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Special Edition: Leica CL ‘100 jahre bauhaus’

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Leica press release:

Limited special edition for the 100th anniversary:
The Leica CL ‘100 jahre bauhaus’

 
Wetzlar, 17 May 2019. Leica Camera AG celebrates the 100th anniversary of the Bauhaus with a special edition of the Leica CL ‘100 jahre bauhaus’. The set comprises a silver version of the Leica CL, a matching Elmarit-TL 18 mm f/2.8 ASPH. lens in silver and a carrying strap. The leather trim of the camera and the carrying strap are embossed with the Bauhaus logotype. This was created in 1929 by Joost Schmidt, one of the earliest students of the school, who defined the distinctive typography of the Bauhaus more than any other, for the title of the quarterly magazine of the same name. A further special feature of the Leica CL ‘100 jahre bauhaus’ is the restrained execution of the Leica logo in black on the camera body. Together with the subtle Bauhaus-embossing, the special edition ideally reflects the concept of plain and simple design advocated by the Bauhaus school in accordance with the principles of ‘form follows function’.
 
The Leica CL ‘100 jahre bauhaus’ is on sale from 27 May. The edition is strictly limited to only 150 examples.

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The Leica CL is a synthesis of iconic design and advanced camera technology. As a compact system camera, it stands as a versatile tool for photographers who appreciate faultless image quality and an outstandingly intuitive handling concept. A 24-megapixel sensor, fast autofocus and a continuous shooting rate of up to ten frames per second make the Leica CL the ideal companion for spontaneous photography. Its outstanding features include an EyeRes® electronic viewfinder with a latency time below the threshold of perception and a resolution of 2.36 million pixels that offers its users numerous advantages. As the final image is visible in the viewfinder before the shutter release is pressed, users have complete control over the composition of their subjects.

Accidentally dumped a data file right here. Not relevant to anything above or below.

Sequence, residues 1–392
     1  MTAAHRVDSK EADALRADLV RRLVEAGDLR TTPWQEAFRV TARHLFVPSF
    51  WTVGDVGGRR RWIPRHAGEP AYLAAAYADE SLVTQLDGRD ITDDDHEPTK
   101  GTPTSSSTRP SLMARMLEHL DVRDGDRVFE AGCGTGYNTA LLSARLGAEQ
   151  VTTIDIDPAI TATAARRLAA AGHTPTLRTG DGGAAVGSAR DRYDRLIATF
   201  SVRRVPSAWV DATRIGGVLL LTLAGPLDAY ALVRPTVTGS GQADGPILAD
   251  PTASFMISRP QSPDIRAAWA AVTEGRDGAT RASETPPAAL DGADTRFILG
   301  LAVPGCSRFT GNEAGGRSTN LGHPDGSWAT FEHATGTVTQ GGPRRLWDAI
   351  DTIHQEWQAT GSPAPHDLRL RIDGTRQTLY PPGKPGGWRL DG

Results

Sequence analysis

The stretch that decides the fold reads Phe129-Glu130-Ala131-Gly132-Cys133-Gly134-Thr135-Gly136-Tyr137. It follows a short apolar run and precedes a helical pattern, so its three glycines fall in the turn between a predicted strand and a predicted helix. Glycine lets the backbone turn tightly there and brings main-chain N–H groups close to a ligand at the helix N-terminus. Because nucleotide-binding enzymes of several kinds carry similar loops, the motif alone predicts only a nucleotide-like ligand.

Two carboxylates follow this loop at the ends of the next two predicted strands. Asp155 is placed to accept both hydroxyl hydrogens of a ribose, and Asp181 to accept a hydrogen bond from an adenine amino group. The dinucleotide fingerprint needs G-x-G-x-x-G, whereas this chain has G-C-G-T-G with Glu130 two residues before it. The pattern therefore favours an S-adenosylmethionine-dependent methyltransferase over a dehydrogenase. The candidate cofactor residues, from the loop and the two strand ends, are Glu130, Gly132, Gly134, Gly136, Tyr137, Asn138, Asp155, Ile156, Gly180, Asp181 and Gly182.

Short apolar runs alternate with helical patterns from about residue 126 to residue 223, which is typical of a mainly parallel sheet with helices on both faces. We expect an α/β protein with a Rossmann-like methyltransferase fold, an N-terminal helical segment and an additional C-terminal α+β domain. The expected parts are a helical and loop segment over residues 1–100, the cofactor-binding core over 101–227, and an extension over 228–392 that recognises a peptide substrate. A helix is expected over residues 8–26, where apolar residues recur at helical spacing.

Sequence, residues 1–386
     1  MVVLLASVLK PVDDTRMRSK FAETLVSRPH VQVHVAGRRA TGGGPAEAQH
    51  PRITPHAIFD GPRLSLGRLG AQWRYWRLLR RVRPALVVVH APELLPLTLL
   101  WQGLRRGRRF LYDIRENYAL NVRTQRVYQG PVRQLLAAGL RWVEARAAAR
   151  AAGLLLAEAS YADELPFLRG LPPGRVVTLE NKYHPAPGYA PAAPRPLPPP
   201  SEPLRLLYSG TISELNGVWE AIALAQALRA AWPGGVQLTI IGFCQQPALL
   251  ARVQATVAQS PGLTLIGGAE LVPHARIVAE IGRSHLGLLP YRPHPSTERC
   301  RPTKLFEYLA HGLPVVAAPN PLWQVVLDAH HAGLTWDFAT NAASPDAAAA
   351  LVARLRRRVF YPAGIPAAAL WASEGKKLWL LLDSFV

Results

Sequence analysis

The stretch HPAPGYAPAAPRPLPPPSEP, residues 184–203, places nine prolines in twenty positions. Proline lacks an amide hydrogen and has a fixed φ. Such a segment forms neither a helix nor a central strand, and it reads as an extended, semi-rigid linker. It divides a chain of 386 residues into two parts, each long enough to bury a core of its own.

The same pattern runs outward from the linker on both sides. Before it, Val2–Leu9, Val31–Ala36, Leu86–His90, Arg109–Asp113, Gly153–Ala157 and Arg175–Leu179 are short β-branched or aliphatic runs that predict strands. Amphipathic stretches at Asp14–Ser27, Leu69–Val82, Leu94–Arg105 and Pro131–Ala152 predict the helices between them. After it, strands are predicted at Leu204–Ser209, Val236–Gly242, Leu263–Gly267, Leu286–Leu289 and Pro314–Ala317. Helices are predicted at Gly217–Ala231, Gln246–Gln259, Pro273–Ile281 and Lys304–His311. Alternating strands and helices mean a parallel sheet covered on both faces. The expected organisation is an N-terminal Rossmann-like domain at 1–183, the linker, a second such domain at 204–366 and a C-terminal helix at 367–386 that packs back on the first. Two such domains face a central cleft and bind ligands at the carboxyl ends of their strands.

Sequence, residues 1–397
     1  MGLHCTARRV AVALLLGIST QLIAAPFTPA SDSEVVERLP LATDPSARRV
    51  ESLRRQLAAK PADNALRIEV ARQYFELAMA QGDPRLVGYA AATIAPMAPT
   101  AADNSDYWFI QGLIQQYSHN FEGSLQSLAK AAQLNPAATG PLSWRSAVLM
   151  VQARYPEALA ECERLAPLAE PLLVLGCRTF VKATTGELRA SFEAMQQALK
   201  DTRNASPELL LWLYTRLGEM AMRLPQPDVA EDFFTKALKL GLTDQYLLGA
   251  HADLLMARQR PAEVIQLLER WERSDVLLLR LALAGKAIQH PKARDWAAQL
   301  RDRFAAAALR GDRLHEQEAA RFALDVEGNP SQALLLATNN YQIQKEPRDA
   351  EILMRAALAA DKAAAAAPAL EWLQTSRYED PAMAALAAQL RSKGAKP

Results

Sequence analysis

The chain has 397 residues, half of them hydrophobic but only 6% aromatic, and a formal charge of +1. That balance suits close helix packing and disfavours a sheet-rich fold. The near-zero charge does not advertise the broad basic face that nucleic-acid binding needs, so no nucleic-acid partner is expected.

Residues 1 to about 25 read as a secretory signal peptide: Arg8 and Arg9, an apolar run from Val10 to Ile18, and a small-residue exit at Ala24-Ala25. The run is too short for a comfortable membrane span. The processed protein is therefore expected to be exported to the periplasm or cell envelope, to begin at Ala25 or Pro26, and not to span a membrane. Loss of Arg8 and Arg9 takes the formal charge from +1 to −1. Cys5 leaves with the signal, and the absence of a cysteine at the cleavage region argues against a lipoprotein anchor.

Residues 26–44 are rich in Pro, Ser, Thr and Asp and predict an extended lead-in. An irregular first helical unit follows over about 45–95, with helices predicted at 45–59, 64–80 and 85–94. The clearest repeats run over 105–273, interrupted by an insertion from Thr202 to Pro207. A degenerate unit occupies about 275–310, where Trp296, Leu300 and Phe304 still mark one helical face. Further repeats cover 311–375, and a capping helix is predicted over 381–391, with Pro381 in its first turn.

The Leica CL impresses not only as a still picture camera, but also with a video function with a resolution of up to 4K. Thanks to seamless connection to the Leica FOTOS App, pictures can be quickly and easily sent to a smartphone and shared in social media networks.
 
On top of this, its handling concept is extremely user-friendly. All the essential controls of the CL are located on the top plate of the camera. In addition to the electronic viewfinder, there are two dials for setting the aperture, shutter speed, ISO value and the exposure mode. An additional display on the top plate instantly provides information about all relevant settings and exposure parameters.
 
In addition to the Elmarit-TL 18 mm f/2.8 ASPH. lens from the special edition, an extensive range of other lenses is also available for the Leica CL. Thanks to the ‘L-Mount Alliance’, recently established with the partners Panasonic and Sigma, the Leica CL is also perfectly equipped to take advantage of coming lens developments. The camera is fully compatible with all current and future lenses constructed in accordance with the L-Mount standard.